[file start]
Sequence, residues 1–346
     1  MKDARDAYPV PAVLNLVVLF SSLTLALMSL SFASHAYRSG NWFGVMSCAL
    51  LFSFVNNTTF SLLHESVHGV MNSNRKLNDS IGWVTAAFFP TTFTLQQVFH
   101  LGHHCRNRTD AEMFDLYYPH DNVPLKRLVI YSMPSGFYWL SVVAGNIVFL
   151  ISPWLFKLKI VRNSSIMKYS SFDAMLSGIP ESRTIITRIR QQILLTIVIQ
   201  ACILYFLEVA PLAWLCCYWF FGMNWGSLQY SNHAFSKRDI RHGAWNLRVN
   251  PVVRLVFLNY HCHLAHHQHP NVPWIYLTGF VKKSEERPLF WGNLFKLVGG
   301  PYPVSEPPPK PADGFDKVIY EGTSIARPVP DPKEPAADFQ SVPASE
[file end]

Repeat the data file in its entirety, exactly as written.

Sequence, residues 1–346
     1  MKDARDAYPV PAVLNLVVLF SSLTLALMSL SFASHAYRSG NWFGVMSCAL
    51  LFSFVNNTTF SLLHESVHGV MNSNRKLNDS IGWVTAAFFP TTFTLQQVFH
   101  LGHHCRNRTD AEMFDLYYPH DNVPLKRLVI YSMPSGFYWL SVVAGNIVFL
   151  ISPWLFKLKI VRNSSIMKYS SFDAMLSGIP ESRTIITRIR QQILLTIVIQ
   201  ACILYFLEVA PLAWLCCYWF FGMNWGSLQY SNHAFSKRDI RHGAWNLRVN
   251  PVVRLVFLNY HCHLAHHQHP NVPWIYLTGF VKKSEERPLF WGNLFKLVGG
   301  PYPVSEPPPK PADGFDKVIY EGTSIARPVP DPKEPAADFQ SVPASE